Outline: Sometimes you have to be bored by a novel


People seem excited about Rachel Cusk’s Outline because it’s some sort of experiment in form and characterization: the ‘novel’ follows a writer/writing instructor while she is in Greece teaching a writing seminar.  The novel narrates her conversations with those she encounters – from airplane seat mates to long time friends – over the course of her trip. There is something to be said for the way her character is revealed in relief – what she doesn’t say, how she lets the conversation be focused on the other person, by the questions she asks and the settings in which these conversations unfold (e.g. on a boat with a person she met on the plan the day before). 

I was pretty bored by the novel. I appreciated the initial chapters for the way our narrator let us see – and not see – herself revealed. But after getting the formal experimentation established and appreciated, there wasn’t much left to sustain focus. The conversations themselves, while circling interesting subjects, are largely platforms for declarations of pseduo-philosophy on topics of love, gender, self-other relations. These topics should be worthy of exploration, but the so-called dialogues are really one character pontificating on a topic and stating – in entirely non-conversational terms – their views on any one of these topics.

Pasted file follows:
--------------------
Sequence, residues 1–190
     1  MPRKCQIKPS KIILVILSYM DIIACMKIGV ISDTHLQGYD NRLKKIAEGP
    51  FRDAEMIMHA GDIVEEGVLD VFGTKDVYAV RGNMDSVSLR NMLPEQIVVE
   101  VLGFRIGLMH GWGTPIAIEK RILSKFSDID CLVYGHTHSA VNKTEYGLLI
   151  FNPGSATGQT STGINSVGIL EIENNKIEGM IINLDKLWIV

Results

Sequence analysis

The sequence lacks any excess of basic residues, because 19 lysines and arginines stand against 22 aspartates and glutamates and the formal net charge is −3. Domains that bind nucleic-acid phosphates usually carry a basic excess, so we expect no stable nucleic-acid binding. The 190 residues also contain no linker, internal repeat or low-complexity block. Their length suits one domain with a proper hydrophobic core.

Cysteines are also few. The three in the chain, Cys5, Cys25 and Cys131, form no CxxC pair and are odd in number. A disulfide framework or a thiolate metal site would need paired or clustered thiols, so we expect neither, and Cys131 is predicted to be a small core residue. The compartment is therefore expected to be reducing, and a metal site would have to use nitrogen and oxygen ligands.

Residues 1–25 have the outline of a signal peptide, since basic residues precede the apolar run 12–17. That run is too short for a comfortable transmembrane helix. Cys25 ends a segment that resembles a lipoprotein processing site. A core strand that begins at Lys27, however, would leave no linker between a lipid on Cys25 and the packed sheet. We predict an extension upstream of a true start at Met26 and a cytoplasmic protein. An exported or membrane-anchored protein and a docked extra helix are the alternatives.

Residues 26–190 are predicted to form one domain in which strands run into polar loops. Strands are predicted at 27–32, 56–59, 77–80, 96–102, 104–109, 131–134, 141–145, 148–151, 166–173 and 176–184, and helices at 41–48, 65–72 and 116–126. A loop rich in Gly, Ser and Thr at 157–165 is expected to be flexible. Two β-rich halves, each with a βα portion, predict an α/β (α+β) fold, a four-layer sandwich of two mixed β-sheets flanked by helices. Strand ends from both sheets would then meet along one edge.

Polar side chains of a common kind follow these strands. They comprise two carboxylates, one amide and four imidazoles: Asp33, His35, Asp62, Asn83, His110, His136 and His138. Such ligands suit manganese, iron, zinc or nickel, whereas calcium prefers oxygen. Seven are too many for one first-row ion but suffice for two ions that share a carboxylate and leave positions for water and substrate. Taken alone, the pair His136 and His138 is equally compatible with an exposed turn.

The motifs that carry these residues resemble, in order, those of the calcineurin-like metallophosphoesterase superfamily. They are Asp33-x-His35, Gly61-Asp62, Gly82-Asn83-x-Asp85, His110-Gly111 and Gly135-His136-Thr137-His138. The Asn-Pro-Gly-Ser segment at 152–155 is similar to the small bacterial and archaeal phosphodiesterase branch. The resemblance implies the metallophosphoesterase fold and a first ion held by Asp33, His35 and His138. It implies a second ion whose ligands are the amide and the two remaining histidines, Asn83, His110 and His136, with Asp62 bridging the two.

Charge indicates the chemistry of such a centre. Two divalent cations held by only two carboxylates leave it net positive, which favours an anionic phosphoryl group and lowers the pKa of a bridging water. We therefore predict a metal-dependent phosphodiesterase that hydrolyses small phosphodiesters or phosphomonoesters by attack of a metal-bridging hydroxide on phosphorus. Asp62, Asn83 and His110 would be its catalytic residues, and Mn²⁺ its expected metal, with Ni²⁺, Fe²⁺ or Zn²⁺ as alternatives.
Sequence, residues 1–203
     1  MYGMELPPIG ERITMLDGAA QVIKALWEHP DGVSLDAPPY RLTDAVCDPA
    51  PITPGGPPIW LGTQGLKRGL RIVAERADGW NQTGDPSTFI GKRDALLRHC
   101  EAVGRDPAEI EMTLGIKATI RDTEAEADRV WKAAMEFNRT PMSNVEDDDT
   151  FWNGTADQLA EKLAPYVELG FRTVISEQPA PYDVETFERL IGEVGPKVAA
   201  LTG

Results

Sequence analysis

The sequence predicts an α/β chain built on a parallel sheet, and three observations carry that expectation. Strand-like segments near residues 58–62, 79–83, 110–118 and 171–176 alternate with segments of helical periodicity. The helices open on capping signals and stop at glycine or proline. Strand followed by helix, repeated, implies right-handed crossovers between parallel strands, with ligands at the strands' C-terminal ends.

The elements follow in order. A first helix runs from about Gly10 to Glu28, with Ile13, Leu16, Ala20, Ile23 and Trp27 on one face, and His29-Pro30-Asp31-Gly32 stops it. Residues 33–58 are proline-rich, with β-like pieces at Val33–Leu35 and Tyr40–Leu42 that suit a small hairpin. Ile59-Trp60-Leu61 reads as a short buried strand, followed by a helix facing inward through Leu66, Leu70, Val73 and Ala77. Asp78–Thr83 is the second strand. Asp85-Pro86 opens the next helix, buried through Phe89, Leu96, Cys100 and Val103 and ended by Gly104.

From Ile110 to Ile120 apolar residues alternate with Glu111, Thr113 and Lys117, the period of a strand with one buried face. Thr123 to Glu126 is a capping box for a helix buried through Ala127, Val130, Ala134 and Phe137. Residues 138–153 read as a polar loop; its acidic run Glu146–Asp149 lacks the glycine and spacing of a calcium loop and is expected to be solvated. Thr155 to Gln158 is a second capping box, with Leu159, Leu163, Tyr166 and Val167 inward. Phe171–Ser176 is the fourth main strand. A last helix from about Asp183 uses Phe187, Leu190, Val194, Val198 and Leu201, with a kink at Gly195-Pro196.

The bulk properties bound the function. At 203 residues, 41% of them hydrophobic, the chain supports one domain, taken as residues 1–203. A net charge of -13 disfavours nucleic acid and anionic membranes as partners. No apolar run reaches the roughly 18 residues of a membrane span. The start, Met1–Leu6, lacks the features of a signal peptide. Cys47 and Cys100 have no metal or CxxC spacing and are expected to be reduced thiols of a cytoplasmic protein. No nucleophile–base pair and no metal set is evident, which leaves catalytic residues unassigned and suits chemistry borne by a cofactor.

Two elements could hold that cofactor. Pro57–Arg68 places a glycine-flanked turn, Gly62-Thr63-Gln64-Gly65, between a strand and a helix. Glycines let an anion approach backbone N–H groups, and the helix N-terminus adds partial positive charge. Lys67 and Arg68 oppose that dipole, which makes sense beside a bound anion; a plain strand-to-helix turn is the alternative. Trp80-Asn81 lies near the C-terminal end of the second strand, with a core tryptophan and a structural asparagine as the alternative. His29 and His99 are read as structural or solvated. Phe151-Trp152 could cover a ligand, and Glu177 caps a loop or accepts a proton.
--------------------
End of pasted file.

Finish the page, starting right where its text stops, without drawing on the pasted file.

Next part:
So with nary a plot thread to cling to, an (albeit purposefully) absent narrator and these quasi-philosophical-largely-declarative-opining about this and that – I could have readily stopped reading after the first forty pages. That said – it is worth reading a few chapters if only to take in the form and the way our character is revealed through others and the interaction with these others. And then feel entirely welcome to abandon the outline and go look for a novel with a full form.


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Filed under Bestseller, Fiction, New York Times Notable

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